I Had the Shittiest English Education

I had the shittiest English education.  Okay, maybe that’s hyperbole, but I can’t name more than five novels we had to read in high school.  In college it was worse.  I went to an engineering school, so besides the six or so credits of English literature I had to take, my required reading consisted of computer science and calculus textbooks.  Perhaps this is a failure of my memory more so than the educational system (I did inhale in college more than once), but to make up for this perceived lack I periodically take a break from speculative literature and delve into the so-called Canon.

The Canon, which pompous elitists seem to think consist of mostly white, European men, notwithstanding, my latest venture has been into the works of Kafka, a white, European man.  I’ve read a few stories of his here and there, but I am ashamed to admit that I only read “The Metamorphosis” for the first time last week.  I enjoyed it.  It seemed to me to be a man’s descent into madness and eventual suicide.  But I’m not a fan of some of his cryptically metaphorical works like “Description of a Struggle,” which seemed to require a course in Jungian archetypes to decipher.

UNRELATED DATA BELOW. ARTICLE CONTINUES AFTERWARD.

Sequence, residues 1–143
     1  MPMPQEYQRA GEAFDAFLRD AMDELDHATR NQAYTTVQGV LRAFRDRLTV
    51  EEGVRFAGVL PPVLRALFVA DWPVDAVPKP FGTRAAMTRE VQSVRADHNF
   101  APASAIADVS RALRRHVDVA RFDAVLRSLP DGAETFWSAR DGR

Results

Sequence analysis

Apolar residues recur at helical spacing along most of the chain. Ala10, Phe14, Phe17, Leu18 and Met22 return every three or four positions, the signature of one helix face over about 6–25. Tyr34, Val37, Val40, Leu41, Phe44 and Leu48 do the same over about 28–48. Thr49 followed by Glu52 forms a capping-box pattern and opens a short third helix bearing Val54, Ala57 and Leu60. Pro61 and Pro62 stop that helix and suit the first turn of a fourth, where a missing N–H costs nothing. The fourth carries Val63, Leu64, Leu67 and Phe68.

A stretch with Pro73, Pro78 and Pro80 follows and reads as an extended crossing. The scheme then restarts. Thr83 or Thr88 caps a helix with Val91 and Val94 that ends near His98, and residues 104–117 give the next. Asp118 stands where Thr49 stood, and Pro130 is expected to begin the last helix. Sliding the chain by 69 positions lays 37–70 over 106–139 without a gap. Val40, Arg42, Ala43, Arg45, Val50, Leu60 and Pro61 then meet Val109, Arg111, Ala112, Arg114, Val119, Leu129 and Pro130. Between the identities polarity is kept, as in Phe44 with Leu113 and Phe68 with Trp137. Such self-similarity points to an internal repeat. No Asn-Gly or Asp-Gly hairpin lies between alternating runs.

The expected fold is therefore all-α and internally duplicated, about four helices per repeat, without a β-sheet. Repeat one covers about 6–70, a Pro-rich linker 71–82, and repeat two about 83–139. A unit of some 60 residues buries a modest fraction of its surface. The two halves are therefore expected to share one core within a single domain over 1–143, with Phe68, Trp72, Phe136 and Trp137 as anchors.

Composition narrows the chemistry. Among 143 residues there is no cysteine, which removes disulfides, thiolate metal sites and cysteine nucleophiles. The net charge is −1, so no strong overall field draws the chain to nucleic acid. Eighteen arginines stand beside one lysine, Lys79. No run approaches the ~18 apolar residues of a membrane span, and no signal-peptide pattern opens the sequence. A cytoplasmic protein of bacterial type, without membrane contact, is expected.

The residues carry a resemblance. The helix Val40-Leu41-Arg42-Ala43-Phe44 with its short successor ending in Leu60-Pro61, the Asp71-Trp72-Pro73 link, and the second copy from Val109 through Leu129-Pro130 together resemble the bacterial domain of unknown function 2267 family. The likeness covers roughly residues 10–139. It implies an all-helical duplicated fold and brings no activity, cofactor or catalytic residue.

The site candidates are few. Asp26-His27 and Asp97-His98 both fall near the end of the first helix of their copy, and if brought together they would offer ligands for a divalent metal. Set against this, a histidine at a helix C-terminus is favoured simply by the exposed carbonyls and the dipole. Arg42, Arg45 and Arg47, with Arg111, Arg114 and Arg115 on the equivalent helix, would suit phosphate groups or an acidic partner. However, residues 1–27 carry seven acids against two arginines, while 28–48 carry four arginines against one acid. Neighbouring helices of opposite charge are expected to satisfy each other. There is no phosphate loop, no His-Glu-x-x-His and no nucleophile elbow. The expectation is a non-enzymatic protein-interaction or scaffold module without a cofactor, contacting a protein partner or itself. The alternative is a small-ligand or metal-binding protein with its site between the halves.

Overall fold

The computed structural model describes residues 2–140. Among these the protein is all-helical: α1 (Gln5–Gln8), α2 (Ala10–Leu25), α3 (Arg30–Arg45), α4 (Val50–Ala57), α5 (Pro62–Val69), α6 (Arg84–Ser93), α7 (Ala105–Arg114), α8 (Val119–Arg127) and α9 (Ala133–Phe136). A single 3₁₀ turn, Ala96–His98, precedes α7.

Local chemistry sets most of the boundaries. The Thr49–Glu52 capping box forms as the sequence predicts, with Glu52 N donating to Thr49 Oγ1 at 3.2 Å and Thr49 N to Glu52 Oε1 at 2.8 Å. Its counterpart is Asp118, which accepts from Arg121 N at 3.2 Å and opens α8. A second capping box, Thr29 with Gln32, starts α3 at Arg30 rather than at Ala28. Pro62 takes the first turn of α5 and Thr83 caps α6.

I don’t believe he’ll be added to my list of favorite authors, though I do appreciate some of his aesthetic flourishes.  (However, what, may I ask, is so offensive about paragraph breaks, Mr. Kafka?)  And while I do think he is excellent at character, I have come to the conclusion after making my way through about half of his collected short stories that one cannot write a story in metaphor alone.  Yes, metaphor may provide the framework for a story, but it cannot be the entire story.  The story must stand on its own even if the underlying metaphor is not apparent to the reader.

I don’t believe in absolutes, so I’m wondering if anyone has any experiences with stories that work entirely on a metaphorical level, i.e. stories where plot may be non-existent, and yet they satisfy as stories?